Book Review: The Man Behind The Wheel

 

The Man Behind the Wheel by Tim Bouquet is a remarkable book-it traces the journey of the tyre company Apollo Tyres from the lens of three generations.

In narrating the story of Apollo Tyres, the author not only manages to tell the story of the Company but also about India and what it took to succeed in different generations.

The first generation belonged to Raunaq Singh. Raunaq was the rags to riches entrepreneur. He stared his career as a salesman for a steel pipe merchant in Lahore at just 8 rupees a month. His natural entrepeneurship and hustling skills saw him succeed and in a few years he would start his own steel pipe business.

Partition saw the family come to India with the proverbial “only the shirt on their backs”.

Raunaq Singh sold his wife’s jewellery to get into business and did so well that he eventually set up Bharat Steel Tubes Ltd which rode the Green Revoltion Wave and became a money gusher.

Raunaq was a great networker and became the head of all the business associations of that time-an unique feat not accomplished by any other person after that.

His aim was to become like the Tatas and the Birlas-enter various businesses,completely unrelated to each other, using bank funds for financing and political connections to get the license.

Since India was a shortage economy,anything you started did well

He used his political connections to get the license for Apollo Tyres for its first factory in Kerala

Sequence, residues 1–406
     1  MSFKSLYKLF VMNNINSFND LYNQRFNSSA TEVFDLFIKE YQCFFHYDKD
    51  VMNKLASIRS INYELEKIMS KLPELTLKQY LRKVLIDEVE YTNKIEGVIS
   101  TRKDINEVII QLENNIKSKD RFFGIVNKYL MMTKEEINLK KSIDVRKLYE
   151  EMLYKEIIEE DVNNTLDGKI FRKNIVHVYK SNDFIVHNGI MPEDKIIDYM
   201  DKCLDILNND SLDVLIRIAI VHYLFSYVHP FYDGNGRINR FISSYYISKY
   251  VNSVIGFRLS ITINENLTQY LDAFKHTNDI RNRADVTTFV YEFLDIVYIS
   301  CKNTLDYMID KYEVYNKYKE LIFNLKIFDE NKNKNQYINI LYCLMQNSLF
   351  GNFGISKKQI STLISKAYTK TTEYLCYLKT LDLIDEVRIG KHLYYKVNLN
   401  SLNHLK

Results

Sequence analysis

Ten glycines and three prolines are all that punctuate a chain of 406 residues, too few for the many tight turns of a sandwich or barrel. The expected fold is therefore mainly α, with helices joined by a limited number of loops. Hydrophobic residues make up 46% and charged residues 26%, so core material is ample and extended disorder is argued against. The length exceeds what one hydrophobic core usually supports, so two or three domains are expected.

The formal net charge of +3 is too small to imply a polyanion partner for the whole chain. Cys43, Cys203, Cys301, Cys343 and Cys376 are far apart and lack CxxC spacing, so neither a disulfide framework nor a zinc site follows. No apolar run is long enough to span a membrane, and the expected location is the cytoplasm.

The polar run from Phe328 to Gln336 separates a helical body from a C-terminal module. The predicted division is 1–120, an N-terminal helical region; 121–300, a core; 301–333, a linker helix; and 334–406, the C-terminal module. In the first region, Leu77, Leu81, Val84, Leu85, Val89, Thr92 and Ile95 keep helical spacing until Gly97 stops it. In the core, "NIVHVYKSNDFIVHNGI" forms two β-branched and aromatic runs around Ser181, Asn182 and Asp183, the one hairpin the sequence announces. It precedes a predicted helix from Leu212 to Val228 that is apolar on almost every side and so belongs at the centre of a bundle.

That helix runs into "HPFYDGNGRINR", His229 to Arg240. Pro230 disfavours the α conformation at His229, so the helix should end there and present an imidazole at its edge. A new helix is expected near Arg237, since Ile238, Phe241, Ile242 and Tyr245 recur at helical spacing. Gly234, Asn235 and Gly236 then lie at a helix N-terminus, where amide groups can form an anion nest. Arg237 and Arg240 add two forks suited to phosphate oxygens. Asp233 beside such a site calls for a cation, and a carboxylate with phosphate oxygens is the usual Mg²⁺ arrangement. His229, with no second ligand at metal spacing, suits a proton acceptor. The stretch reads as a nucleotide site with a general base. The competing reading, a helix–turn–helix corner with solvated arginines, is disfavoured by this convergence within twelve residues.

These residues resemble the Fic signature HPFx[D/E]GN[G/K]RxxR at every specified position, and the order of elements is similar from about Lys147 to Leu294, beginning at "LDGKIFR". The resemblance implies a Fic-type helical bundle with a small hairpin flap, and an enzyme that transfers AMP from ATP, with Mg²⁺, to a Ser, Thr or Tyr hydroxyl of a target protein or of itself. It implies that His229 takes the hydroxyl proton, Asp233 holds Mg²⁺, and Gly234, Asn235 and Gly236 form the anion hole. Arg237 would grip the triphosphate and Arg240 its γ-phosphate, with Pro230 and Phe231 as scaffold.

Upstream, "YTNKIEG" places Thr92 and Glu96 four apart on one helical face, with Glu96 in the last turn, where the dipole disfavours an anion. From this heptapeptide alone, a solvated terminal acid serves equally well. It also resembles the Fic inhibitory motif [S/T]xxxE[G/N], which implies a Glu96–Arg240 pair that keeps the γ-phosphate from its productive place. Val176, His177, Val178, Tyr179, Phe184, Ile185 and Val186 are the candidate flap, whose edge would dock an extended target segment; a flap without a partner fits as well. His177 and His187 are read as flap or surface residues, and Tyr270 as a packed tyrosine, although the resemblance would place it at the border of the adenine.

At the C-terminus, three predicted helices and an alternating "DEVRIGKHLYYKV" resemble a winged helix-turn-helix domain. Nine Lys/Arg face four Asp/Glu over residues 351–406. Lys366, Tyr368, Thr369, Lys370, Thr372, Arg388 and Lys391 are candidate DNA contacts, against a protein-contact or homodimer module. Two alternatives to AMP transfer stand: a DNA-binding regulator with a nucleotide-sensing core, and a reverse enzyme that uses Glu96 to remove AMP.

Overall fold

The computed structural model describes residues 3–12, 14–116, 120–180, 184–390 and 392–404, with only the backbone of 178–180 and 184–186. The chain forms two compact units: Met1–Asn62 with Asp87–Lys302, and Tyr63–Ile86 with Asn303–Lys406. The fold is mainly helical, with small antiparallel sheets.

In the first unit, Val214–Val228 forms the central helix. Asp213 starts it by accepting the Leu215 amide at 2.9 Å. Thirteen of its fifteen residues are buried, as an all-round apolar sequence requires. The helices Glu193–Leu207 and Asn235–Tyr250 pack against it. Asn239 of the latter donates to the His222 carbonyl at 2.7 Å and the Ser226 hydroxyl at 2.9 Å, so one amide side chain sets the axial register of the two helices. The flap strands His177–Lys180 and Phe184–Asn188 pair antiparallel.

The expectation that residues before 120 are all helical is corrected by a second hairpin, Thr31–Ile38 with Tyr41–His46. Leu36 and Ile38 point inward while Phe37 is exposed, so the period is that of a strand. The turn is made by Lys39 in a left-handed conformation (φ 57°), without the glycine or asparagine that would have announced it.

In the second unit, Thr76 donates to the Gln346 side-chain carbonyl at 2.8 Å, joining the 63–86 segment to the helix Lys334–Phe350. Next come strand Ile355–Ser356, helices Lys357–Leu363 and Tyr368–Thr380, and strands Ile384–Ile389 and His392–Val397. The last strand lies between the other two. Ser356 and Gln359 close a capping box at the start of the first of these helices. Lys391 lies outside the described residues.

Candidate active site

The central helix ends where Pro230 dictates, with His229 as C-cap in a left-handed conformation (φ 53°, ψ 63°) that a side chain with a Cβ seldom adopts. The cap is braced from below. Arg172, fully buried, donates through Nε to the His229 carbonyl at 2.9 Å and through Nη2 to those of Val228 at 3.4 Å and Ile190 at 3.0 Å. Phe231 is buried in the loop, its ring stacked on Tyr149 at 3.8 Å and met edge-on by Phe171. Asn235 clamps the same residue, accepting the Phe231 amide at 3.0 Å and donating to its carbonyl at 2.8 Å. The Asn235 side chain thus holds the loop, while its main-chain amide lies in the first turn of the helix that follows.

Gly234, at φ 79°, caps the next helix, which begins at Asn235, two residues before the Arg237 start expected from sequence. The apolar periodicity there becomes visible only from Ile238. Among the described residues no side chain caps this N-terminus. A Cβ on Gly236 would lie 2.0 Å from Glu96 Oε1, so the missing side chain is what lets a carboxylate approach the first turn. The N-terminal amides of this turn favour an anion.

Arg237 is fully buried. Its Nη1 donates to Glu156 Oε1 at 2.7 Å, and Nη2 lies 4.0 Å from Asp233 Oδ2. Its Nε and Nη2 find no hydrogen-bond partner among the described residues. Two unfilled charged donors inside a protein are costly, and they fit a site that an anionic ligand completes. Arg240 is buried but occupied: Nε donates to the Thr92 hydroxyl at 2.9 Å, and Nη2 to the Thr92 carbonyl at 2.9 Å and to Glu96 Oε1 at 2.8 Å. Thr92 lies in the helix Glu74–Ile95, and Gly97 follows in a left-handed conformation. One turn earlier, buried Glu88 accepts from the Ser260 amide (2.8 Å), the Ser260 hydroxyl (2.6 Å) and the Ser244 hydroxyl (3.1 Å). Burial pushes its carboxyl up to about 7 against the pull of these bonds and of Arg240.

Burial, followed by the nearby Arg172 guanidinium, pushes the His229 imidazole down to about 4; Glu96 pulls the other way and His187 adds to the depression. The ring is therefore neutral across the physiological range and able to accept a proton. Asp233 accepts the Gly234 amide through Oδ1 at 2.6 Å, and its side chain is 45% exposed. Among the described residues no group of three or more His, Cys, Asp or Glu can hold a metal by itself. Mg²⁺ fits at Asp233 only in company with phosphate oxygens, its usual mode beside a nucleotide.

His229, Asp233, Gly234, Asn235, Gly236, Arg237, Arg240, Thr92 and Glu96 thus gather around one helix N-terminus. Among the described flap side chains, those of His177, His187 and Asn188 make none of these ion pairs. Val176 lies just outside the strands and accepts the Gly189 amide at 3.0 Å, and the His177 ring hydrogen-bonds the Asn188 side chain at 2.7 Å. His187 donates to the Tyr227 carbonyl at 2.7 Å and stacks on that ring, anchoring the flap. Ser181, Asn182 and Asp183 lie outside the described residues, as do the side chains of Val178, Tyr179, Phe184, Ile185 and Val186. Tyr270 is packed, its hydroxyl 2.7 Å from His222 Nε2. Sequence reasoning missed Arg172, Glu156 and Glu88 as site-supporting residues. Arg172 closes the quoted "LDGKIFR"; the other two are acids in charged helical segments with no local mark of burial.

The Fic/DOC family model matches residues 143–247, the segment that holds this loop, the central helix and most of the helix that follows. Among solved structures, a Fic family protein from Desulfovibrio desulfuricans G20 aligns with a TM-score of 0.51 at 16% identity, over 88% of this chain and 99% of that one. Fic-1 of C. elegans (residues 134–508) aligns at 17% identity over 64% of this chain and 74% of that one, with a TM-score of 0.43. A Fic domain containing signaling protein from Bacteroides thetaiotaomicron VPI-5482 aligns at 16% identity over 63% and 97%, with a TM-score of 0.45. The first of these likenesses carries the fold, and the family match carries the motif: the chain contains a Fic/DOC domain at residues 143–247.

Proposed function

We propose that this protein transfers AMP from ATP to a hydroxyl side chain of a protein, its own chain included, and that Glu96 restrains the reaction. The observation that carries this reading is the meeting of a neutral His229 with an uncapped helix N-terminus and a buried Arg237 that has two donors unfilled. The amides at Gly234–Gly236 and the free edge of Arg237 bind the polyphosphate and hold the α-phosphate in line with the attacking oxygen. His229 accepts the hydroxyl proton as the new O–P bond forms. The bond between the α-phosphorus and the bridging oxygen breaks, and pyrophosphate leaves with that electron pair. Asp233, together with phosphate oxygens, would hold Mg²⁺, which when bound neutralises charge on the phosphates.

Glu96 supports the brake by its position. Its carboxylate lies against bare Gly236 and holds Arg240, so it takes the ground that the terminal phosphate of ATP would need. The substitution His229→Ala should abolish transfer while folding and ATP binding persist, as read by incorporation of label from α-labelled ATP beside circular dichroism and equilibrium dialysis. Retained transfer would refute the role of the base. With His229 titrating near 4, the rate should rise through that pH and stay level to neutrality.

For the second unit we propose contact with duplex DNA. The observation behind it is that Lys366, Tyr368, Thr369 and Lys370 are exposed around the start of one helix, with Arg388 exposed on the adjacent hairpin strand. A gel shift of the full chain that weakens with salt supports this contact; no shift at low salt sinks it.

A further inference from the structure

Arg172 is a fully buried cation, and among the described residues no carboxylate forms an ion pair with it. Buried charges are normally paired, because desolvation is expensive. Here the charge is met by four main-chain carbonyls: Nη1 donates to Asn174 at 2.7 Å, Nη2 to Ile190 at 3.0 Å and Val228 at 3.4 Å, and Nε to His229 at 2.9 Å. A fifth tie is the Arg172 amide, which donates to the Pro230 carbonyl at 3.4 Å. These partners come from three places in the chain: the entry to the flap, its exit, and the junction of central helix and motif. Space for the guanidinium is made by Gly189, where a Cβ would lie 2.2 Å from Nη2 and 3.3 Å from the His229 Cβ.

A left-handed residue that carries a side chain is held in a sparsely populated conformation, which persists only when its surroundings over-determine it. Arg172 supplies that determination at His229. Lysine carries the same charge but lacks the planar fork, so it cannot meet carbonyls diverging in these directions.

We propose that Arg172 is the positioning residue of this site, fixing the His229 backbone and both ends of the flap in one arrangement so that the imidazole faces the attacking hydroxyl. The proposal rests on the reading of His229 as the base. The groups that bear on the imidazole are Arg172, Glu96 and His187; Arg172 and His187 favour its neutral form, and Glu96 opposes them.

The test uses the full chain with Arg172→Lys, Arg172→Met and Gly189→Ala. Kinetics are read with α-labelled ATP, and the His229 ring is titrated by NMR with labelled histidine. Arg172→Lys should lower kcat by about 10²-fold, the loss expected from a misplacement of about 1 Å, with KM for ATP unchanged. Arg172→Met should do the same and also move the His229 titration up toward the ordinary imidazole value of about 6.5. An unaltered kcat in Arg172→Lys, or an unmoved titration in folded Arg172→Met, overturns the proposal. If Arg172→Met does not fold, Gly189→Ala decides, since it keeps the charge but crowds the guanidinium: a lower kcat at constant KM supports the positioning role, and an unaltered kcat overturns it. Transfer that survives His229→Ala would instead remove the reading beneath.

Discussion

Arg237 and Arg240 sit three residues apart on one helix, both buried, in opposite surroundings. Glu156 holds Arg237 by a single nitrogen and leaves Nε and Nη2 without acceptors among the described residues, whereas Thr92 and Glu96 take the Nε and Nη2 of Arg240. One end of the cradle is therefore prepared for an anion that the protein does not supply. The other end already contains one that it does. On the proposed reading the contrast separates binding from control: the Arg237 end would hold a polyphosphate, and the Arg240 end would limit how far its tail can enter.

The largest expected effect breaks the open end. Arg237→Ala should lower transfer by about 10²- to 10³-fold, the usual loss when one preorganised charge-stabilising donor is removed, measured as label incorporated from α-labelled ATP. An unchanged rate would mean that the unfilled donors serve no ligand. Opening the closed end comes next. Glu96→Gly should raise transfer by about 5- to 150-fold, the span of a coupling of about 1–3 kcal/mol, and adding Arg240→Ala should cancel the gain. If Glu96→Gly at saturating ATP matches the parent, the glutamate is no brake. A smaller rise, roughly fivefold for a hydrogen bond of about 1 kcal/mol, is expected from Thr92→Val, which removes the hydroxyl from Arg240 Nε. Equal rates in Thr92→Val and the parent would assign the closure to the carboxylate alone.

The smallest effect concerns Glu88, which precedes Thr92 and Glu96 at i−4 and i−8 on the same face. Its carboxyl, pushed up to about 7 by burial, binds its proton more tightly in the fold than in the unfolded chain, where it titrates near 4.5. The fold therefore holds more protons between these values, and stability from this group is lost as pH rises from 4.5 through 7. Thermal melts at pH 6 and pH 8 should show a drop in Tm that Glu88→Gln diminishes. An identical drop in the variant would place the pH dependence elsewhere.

He asked his eldest son, Onkar Singh, to run it.

While Raunaq Singh was the “Know Who” generation, Onkar Singh was the “Know How” generation.

A technocrat and a professional,Onkar worked hard to make the business a success and despite union problems, political interference, poor technology etc was able to do a great job.

Eventually, as in most Indian business families, the “Aurangzeb Syndrome” happened.

Both father and son had a falling out- with each wanting to oust the other from the Company.

Things reached to a level that the father suspected that the son will try to drown him while the son suspected the father of wanting to poison his food !

Onkar prevailed and took sole charge of the company before handing over the baton to his son Neeraj Kanwar

Neeraj, the third generation to run the family business, belonged to the “Every Where” generation for whom the world is their playground.

He took Apollo global with international acquisitions etc and is known primarily for his failed bid to acquire Cooper International

That acquisition failed because the Chinese subsidiary in no event wanted to be owned by Indians.

I found the Kanwar family’s experience with Chairman Che, the CEO of the Chinese subsidiary quite instructive:

First Meeting:

Chairman Che: “I have been a good son and the father is good.Now the father is divorcing me and the step father is coming in”

Second Meeting:

Chairman Che: “I don’t care who the step father is; someone needs to tell me who is looking after me”

Third Meeting:

Chairman Che: “I don’t like the step father”

Fourth Meeting:

Chairman Che: “I want to you to buy me out for $550 Million”

As I write this, there are newspaper reports that Apollo continues its global journey (without the Chinese !) by building a greenfield tyre factory in Hungary.

If I have one complaint about this book, it is that the Harshad Mehta involvement in Apollo Tyres is glossed over.

Do read this book to understand Indian family businesses better.

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